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Also available in Audible and eBook Versions 

Book by
Jeffrey Weiss & Craig Weiss

Fighting Back Book Cover
"Jeffrey and Craig Weiss have uncovered the story of a Jewish hero in the mold of a Leon Uris character.  Readers will enjoy trying to keep up with Stan Andrews-a typical Jewish New Yorker turned daring combat pilot-as he chases history from the air force planes of the United States and the nascent state of Israel."


 New York Times bestselling co-author of Start Up Nation:

The Story of Israel's Economic Miracle

Fighting Back

Fighting Back is the story of Stan Andrews, an assimilated American Jew and World War II veteran who became one of the first fighter pilots in the history of the Israeli Air Force.

In 1948, Stan Andrews left a comfortable postwar life in Los Angeles to travel to the war-torn Middle East, where a four-front Arab invasion threatened to destroy the newly-declared State of Israel. There he joined the Israeli Air Force and became one of its first fighter pilots. Andrews was an unexpected volunteer for the fight for a Jewish state. He was many things—an artist, writer, assimilated Jew, ladies’ man, pilot, and combat veteran of the Pacific War. He had previously been aloof from the struggle for Jewish independence but found himself so roused by the anti-Semitism of 1940s America that he decided to go to Israel and risk everything. Stan made the most of his time in Israel, serving in fighter and bomber squadrons and leaving his mark on an Israeli Air Force that has since become the stuff of legend.

    Stan Andrews.jpeg
    Jeff Weiss Headshot.jpeg

    Jeff's Story

    Jeff Weiss is the co-author of I Am My Brother’s Keeper (Schiffer Military History, 1998), which tells the story of American and Canadian volunteers in all branches of the Israel Defense Forces during the 1948 War of Independence.  He is fluent in Hebrew, having completed a year of law school at Bar Ilan University.  He is featured in the 2014 Nancy Spielberg documentary “Above and Beyond” and in the 2000 documentary “Israel’s Forgotten Heroes,” narrated by Hal Linden.  In addition to a law degree, he holds Master’s degrees in International Law (Georgetown University Law Center) and in Biotechnology (Johns Hopkins University) and has been writing on Middle East security issues for more than 20 years. He is passionate about fitness and is a two-time Ironman and ultramarathoner.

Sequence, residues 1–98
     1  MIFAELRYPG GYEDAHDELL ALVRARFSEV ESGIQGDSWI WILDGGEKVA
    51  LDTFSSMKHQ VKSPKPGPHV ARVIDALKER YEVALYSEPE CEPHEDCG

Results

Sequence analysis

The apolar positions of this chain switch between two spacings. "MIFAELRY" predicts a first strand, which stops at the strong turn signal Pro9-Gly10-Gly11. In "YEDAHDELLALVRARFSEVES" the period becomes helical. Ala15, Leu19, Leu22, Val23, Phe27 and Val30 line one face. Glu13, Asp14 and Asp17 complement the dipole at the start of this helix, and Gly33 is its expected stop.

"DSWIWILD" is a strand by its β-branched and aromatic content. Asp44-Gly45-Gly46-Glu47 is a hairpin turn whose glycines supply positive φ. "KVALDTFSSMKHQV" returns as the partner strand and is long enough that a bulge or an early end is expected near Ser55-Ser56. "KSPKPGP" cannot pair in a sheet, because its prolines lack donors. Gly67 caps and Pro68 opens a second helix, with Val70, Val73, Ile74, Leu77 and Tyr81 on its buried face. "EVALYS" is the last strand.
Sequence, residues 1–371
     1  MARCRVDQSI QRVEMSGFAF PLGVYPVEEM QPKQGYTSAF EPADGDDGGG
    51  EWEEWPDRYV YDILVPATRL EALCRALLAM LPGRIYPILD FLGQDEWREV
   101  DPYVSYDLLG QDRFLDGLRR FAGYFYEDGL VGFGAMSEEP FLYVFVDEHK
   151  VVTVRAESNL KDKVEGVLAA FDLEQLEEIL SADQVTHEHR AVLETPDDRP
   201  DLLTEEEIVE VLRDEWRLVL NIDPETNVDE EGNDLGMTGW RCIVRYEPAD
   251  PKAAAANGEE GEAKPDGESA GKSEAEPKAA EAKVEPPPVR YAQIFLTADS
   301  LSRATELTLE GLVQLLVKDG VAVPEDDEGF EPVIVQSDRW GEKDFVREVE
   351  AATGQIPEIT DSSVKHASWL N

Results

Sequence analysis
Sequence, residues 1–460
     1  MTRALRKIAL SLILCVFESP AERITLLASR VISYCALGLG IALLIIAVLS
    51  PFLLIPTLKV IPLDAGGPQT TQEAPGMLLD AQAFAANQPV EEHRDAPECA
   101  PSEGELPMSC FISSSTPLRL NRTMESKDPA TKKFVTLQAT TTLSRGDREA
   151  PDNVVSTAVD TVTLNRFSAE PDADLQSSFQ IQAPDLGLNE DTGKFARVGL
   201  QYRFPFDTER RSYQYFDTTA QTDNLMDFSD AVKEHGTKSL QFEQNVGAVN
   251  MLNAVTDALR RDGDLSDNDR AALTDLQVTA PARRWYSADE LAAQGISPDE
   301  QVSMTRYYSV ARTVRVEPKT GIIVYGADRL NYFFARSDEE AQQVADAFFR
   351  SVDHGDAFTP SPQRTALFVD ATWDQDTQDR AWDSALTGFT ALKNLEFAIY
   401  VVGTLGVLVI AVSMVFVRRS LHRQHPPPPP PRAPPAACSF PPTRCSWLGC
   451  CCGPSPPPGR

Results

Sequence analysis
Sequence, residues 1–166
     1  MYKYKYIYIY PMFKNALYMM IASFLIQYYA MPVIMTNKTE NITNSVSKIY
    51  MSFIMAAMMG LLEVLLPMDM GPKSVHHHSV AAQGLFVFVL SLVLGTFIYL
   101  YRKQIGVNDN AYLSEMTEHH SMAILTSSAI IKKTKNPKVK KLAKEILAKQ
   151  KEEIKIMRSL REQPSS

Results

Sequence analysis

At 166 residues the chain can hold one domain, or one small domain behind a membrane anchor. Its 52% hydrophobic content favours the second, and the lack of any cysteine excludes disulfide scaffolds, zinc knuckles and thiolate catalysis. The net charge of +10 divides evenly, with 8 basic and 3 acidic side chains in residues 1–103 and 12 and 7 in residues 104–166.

Craig's Story

    Craig Weiss is a Venture-Capitalist, serial entrepreneur, and published author.  Craig is the Managing Member of Flagstaff Ventures, a Venture Capital firm focused on early-stage consumer products and services.  He is also the Co-Founder & CEO of venture-backed Retainer Club & Mouthguard Club.  Craig has founded or co-founded half a dozen companies.  During his three and half years as President & CEO of NJOY, Inc. he led the company to a $1B valuation. 


    Before becoming an entrepreneur, Craig Weiss was a patent attorney, where he focused on the drafting and prosecution of patent applications for medical device, e-commerce and business method inventions.  An inventor, Craig Weiss has 14 patents to his own name, including five for medical devices. 


    A published author, Craig co-authored I Am My Brother's Keeper, which features a foreword from Prime Minister of Israel Benjamin Netanyahu.  The book is also the subject of the Nancy Spielberg produced documentary, "Above & Beyond,” in which Craig appears as one of the historians.  Craig's newest book, "Fighting Back" was published on May 17, 2022.